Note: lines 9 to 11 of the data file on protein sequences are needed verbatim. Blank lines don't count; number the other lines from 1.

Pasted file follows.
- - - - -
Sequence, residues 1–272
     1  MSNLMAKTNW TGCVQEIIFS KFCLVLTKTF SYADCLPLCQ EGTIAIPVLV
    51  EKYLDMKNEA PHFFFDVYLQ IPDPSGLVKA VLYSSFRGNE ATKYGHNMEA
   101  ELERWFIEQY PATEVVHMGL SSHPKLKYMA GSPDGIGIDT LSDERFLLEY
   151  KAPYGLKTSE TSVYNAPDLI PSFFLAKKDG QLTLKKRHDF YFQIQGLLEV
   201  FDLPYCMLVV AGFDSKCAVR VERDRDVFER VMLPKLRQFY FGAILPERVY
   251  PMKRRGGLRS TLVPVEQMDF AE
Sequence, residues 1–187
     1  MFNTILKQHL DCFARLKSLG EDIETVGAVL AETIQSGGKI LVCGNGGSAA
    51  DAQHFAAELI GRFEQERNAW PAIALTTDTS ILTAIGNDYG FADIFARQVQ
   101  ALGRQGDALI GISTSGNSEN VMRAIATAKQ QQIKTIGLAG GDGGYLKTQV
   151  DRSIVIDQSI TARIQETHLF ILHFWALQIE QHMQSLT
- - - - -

     1  MFNTILKQHL DCFARLKSLG EDIETVGAVL AETIQSGGKI LVCGNGGSAA
    51  DAQHFAAELI GRFEQERNAW PAIALTTDTS ILTAIGNDYG FADIFARQVQ
   101  ALGRQGDALI GISTSGNSEN VMRAIATAKQ QQIKTIGLAG GDGGYLKTQV